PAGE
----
Jack Obermayer copy

R.I.P. “KO-JO” Jack Obermayer

Before the weekend wraps up I’d like to say a final farewell to my old press row buddy Jack Obermayer, who passed away on June 25, 2016 at the age of 72 after a long bout with cancer. I liked KO-JO because he was an old school boxing writer with a passion for traveling to new and obscure places.

Unlike many boxing press who get “in” by kissing up to promoters and fluffing stories to get close to fighters – Jack was a true professional who was valued because he was not afraid to give an honest opinion. JO’s work was so well-regarded, he was honored with two Hall of Fame plaques (from New Jersey and Pennsylvania) over the course of his 50 year career, a rare feat for a writer.

I first met Jack in 2005 while ringside at the Blue Horizon. The old-timer was holding court at the press table between fights, telling us young bucks how Emile Griffith would beat anyone out there today.

During my time covering fights I would regularly run into him at various east coast boxing shows over the years. We crossed paths in venues that ranged from Madison Square Garden in the heart of Manhattan to the National Guard Armory in the armpit of North East Philadelphia. He always seemed happy to be around regardless of who was on the show.

I vividly remember him busting my chops really good one night in Newark because I told him that I ate at a Waffle House while passing through Atlanta. Those who knew him were clearly aware of his love for original, greasy spoon type diners.

My two strongest memories of Jack both took place in Atlantic City on separate nights, years apart.  The first of which was not such a happy one.

I think it was 2010 – he made the trip to Bally’s Casino for a Peltz Boxing show and had his usual spot on press row – but he was extremely tired and could barely keep his eyes open throughout the night. He may have even left early. It was now obvious that the man was seriously ill. I couldn’t help but wonder how much time remained.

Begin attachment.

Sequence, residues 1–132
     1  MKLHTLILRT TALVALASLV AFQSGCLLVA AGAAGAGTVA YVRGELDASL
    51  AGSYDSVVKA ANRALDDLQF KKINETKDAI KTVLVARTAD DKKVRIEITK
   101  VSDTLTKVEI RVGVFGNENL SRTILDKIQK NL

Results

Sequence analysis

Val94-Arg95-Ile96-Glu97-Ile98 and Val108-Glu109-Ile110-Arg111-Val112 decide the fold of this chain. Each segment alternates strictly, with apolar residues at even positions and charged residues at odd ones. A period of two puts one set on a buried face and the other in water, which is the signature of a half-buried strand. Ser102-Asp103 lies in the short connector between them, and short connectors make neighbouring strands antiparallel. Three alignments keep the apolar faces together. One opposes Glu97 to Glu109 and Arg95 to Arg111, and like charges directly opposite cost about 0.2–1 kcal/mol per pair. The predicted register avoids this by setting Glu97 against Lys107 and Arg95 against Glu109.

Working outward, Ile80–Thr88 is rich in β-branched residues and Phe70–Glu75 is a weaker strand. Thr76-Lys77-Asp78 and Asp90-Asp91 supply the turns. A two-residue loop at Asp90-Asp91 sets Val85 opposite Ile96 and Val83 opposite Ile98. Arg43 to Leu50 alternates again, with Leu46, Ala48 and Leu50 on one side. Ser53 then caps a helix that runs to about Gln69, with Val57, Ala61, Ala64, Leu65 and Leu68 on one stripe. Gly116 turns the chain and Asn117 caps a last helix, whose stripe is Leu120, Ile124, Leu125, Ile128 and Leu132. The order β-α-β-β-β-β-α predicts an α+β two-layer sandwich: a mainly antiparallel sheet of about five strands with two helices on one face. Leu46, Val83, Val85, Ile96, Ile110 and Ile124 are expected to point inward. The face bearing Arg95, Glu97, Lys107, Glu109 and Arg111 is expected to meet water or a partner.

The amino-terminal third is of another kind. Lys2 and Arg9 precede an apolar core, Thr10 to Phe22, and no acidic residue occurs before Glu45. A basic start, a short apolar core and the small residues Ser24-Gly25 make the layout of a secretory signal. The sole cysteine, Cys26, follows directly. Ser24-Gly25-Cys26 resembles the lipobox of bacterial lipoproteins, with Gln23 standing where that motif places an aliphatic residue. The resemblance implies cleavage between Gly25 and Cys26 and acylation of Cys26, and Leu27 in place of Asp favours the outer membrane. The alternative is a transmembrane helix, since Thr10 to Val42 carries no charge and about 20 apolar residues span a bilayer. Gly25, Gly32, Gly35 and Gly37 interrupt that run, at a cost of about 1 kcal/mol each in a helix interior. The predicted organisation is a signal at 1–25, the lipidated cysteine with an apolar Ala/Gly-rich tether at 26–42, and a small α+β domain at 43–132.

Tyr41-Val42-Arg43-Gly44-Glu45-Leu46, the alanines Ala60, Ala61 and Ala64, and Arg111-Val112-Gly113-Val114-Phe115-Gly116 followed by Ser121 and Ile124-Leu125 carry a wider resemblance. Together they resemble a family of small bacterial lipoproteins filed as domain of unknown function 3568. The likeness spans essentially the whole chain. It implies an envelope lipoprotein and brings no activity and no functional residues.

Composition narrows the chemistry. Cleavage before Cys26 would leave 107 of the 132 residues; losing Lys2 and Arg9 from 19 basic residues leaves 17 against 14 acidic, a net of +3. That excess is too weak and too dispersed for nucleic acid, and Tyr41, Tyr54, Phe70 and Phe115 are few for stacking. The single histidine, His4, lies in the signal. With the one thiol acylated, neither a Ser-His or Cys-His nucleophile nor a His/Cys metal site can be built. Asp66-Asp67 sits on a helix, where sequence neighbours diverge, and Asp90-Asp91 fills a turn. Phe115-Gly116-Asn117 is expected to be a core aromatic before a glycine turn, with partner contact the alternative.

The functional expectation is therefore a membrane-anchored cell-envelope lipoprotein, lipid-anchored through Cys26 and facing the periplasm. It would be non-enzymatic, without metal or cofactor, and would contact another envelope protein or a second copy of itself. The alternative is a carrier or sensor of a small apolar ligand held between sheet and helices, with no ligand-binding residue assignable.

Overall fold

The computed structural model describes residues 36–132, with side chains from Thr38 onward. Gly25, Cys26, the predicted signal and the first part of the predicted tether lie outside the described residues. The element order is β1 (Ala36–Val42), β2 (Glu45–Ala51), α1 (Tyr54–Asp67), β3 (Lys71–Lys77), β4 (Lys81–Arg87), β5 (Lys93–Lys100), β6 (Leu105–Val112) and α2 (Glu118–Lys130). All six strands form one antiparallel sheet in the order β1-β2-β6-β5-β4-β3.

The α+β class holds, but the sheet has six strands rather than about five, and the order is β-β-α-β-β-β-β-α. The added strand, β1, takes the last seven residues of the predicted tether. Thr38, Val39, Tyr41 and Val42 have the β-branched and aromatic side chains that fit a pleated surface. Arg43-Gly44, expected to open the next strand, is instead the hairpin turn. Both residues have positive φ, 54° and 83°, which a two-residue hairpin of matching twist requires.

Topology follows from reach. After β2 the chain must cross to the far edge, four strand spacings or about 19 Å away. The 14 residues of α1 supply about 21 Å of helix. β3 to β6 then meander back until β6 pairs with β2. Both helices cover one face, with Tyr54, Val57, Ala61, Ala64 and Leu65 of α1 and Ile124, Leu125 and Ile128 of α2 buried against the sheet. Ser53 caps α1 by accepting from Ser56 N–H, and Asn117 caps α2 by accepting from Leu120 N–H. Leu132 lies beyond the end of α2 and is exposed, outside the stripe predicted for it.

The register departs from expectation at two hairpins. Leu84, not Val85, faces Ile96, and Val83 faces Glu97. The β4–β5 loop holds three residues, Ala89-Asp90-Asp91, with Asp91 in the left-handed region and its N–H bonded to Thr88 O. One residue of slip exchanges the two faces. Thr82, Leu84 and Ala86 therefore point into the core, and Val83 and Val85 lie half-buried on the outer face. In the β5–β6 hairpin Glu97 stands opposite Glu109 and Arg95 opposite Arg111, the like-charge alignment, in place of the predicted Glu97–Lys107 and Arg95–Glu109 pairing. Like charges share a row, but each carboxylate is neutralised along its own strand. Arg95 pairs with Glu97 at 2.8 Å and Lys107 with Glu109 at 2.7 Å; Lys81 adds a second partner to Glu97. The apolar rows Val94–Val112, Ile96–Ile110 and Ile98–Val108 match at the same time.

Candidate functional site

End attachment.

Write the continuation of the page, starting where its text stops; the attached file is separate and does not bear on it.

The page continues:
Soon after that night, I took a long hiatus from writing and we lost touch for a while. Fast forward to the last time I saw JO, which was 2014 at Boardwalk Hall for the Bernard Hopkins vs. Sergei Kovalev fight. Just after I pick up my press credential – I’m walking out from the back stage area ready to find my seat – and I hear a guy yell out “Phillly Keeeeeeith, ya baaaaaack!” in his unmistakably New York accent. I turn around and there was JO, big smile on his face, looking healthy and strong. He gave a nice firm handshake and we caught up for a little while.

I’m disappointed that I didn’t get a chance to kick it with him one last time. They say he covered boxing in 49 of the 50 states, in over 400 cities across America. Once I find out for sure if the remaining state on the list was Alaska or Alabama – I’m going to take a road trip in his honor.

Salute to a Vietnam vet who always made a young kid feel like he belonged. It will be weird not seeing you next to your boys Jowett, Hissner and Abrams. Rest Well KO-JO!

Check out his Facebook page to read the tributes left by many people he met during his boxing journey at https://www.facebook.com/jack.obermayer 

Jack Obermayer press row

20 thoughts on “R.I.P. “KO-JO” Jack Obermayer”

  1. Yooo. Nice write up brother. You let me know the missing state and I’m down to roll to it to fights to honor Jack. Funny I have some similar stories about Jack. Come to NJ July 30 if you can. We will give Jack the 9 count and do whatever we can to pay tribute to our boy The Legend.

  2. If anybody living north or east of Trenton, NJ is going to Jack’s wake or funeral, please private message me. I am blind and need a ride to get there from Hamilton Square, where I live now. I knew Jack since 1984, when I was a student at Glassboro State College, (now Rowan University.) We went to a number of fight shows from Totowa IceWorld to the Blue Horizon, to the last show I saw him at in Minneapolis. He was a wonderful friend all these years.

  3. Great bio, Keith. 2010, that would have been right around the time of his liver transplant. The guy was a true fighter. He’d never complain to anyone about the pain he was in. I remember following him out of the LAGOON one night. He went down bu the river in obvious distress. I went and gave him a hug and asked him what was wrong. Could I do anything for him. Nothing. He sucked it up and returned to the (Feldman) show.

  4. I am covering a show in Bethlehem Sands and next to me is an empty seat marked “Jack Obermayer”. I put a copy of my PA BHOF inductees for 2016 and turned to Jack’s picture as one of the inductees. I understand there will be a 10 count given in Jack’s memory. We had our differences but a mutual respect for the game especially in the past. He not only will be missed but tonight next to an empty chair he is already missed.

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